I Don’t Buy (it) Joe Fresh: The Bangladesh Factory Collapse and Why Sorry Isn’t Enough

CTA News has reported this morning that Canadian retailers are meeting today in Toronto to discuss the work conditions of third-world factories, following the tragic factory collapse in Bangladesh that has killed over 380 people. The meeting is being hosted by the Retail Council of Canada, and Loblaw Co Ltd (the company responsible for Joe Fresh is participating).

No doubt the global fashion industry – including Joe Fresh – is responding to mounting media attention on factory conditions. A recent article by Ron Nurwisah in The Huffington Post pointed out that CBC journalists tweeted out a photo from the Worker’s Rights Consortium, showing a Joe Fresh garment lying amongst the rubble. Scott Nova, executive director of the Worker’s Rights Consortium, acknowledges that the company had admitted it had garments produced in the factory, and urges it to move promptly to aid those harmed and improve safety conditions moving forward.

I’ve had a look at the Joe Fresh website this morning and they have a condolence notice expressing their sadness at the tragedy, saying that they helping impacted employees and families, and explaining that they are consulting with government (via the Ministry of Foreign Affairs) and labor organisations (including the Canadian Maquila Solidarity Network).

It will be very interesting to see what steps emerge out of the meeting of Canadian retailers. A key part of the Joe Fresh apology has been it’s claim that despite not yet addressing the structural conditions of it’s factory buildings,

‘Loblaws Inc. Vendor standards are designed to ensure that products are manufactured in a socially responsible way, for a safe and sustainable work environment. Our audits align with those of industry around the world…’

Here’s where it gets gritty. Their audits align with those of the manufacturing industry, that is the people making the money. Julhas Alam and Kay Johnson, Associated Press, have pointed out that since 2011, Labour groups have been pushing for a safety proposal drawn up by Bangladeshi and international unions. The safety proposal argued for independent safety inspections, recognising that local officials and government are too influenced by industry demands. It would also be legally binding. This proposal hasn’t been taken up by big companies because of the costs involved.

So let’s get real. Clothing is a $ 1- Trillion dollar global industry, of which Bangladesh represents around $20 billion. There are 4000 factories in Bangladesh alone. Workers killed in the collapse of the Rana Plaza were earning as little as $38 a month.

Clothing companies manufacture garments in Bangladesh because it’s cheap. Cheap labor means more profit. So when Joe Fresh argues that it’s factory audits align with industry standards, it means the standards considered adequate by an industry based on extracting cheap labor.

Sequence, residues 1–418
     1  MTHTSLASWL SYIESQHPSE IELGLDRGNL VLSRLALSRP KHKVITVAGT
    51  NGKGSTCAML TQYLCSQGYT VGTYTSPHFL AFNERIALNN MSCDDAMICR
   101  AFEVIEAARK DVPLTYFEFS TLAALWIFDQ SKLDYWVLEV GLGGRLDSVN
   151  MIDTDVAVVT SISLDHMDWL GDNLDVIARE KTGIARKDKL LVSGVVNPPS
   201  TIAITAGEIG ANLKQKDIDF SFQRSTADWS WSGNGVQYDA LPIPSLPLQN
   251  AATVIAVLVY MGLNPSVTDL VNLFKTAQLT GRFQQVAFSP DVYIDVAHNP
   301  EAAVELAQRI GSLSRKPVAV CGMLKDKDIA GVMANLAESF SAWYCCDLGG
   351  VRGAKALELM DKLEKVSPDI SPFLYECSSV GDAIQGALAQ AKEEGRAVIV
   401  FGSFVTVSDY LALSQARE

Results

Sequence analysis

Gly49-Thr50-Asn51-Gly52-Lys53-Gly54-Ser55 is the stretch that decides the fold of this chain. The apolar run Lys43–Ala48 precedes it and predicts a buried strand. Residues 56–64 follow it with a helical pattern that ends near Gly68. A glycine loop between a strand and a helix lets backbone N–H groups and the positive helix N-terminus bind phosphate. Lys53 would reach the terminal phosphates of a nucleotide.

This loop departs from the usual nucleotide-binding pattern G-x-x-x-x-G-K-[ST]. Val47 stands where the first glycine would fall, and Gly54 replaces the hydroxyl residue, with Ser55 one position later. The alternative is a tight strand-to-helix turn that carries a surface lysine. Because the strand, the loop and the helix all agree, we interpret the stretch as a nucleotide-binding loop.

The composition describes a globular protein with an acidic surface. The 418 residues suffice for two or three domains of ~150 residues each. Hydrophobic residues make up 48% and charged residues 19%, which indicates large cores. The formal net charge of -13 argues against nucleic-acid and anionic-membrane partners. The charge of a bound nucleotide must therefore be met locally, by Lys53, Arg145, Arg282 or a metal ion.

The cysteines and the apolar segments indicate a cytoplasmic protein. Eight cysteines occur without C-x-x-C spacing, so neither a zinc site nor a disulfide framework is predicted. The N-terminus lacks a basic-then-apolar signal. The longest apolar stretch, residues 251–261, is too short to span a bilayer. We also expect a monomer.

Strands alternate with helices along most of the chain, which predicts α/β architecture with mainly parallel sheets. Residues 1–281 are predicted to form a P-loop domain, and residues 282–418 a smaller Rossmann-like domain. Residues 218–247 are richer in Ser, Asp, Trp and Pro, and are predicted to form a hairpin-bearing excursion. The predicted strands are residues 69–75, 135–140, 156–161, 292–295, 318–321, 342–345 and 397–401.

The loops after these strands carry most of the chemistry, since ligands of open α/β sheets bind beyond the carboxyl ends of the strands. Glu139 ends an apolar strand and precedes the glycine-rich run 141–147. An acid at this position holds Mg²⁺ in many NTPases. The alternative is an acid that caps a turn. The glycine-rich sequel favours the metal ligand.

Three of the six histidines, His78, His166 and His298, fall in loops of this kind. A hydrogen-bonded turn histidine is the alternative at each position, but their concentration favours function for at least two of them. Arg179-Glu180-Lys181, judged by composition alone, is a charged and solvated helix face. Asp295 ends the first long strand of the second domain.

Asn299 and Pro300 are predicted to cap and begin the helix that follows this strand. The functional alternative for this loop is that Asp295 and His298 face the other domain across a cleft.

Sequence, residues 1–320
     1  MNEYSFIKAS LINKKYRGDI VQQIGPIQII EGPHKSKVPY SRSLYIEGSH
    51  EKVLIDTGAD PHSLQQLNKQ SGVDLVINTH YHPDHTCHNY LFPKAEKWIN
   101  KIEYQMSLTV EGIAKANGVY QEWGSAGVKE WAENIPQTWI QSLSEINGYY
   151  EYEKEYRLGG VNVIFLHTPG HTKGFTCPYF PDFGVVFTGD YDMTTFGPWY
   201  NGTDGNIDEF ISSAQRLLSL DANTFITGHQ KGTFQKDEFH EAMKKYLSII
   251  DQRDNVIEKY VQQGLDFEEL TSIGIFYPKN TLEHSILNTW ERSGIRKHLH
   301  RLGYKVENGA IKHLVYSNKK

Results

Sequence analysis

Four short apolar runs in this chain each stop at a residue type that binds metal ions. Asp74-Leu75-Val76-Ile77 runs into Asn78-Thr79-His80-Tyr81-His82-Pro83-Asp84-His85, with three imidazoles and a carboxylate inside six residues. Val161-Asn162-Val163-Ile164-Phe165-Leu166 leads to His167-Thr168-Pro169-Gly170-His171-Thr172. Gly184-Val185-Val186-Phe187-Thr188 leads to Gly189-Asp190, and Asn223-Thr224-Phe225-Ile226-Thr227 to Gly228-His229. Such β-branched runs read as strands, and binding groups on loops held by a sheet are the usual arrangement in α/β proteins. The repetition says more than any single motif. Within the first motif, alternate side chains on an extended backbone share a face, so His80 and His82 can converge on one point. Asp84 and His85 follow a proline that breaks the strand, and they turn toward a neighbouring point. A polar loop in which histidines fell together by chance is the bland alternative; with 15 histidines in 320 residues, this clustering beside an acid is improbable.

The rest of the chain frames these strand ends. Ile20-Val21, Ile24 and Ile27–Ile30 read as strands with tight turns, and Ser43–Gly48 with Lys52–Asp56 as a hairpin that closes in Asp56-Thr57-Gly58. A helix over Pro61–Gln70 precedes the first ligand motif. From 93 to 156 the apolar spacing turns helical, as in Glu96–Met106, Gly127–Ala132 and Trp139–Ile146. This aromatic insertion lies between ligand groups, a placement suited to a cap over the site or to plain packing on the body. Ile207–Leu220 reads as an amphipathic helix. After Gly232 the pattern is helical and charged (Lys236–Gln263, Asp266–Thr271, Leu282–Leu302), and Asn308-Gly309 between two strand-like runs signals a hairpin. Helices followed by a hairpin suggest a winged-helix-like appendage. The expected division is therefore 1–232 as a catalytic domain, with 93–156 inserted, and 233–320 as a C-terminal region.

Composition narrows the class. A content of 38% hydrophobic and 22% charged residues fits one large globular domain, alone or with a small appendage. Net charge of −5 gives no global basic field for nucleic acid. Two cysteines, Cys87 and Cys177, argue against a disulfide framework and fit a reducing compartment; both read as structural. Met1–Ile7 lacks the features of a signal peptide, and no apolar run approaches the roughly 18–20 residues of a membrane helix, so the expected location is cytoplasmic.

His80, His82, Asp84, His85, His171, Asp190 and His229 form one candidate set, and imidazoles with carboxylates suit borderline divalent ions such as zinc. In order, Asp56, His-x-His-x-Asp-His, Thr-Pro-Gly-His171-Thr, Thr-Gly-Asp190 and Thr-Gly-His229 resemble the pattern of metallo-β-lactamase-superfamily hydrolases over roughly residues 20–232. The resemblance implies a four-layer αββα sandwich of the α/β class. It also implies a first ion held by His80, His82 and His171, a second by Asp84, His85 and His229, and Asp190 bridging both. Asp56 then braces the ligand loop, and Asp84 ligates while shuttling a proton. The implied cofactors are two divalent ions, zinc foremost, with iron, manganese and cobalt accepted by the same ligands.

Whatever steps emerge out of the meeting of Canadian retailers today, I’m going to be a bit cynical about the extent of this for progressing fair and safe work environments. Why? It’s like assuming a room full of cats could come up with safety measures for mice. Retailer’s financial stake in this tragedy is ensuring that bad press about factory conditions doesn’t drive down share prices or profit. That’s not the same stake as factory workers wanting for personal safety and security, and fair wages.

At a minimum, I think Joe Fresh needs to sign up to the Bangladesh Building and Fire Safety Agreement

BUT Joe Fresh also needs to be more transparent with the Canadian public about what it it paying Bangladeshi workers.

Joe Fresh’s website has those generic photos of thin white women wearing this season’s spring colors. A peasant top. A mint green pencil skirt. I couldn’t help imagining what the website would look like if they included photos of their Bangladeshi workers, and maybe grieving family members, alongside the free-and-easy gambit of their white model. Canada, lets stop pretending to be the good guys. Lets own our part of this, as consumers, as a nation. Because isn’t it really about how we can all look at clothes, even by brands that claim social responsibility, and forget that there are other people – equally human – working long hours in factories to earn less a month then the cost of a peasant shirt.

If you are moved by this, you can sign a petition calling on the Bangladesh government to remove laws that restrict freedom of association (meaning that most workers can’t unionize) and demand minimum wage for garment workers. You can check out Manquila Solidarity Network. Or you can email Joe Fresh.

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